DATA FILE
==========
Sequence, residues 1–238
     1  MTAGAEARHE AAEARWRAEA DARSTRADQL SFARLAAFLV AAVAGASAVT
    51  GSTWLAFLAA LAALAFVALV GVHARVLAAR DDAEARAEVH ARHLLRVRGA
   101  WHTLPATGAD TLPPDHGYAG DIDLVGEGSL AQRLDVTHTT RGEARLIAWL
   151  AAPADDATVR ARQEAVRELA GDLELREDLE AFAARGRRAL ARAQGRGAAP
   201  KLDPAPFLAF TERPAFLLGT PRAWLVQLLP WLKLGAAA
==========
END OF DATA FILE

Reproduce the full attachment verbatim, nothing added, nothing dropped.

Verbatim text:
Sequence, residues 1–238
     1  MTAGAEARHE AAEARWRAEA DARSTRADQL SFARLAAFLV AAVAGASAVT
    51  GSTWLAFLAA LAALAFVALV GVHARVLAAR DDAEARAEVH ARHLLRVRGA
   101  WHTLPATGAD TLPPDHGYAG DIDLVGEGSL AQRLDVTHTT RGEARLIAWL
   151  AAPADDATVR ARQEAVRELA GDLELREDLE AFAARGRRAL ARAQGRGAAP
   201  KLDPAPFLAF TERPAFLLGT PRAWLVQLLP WLKLGAAA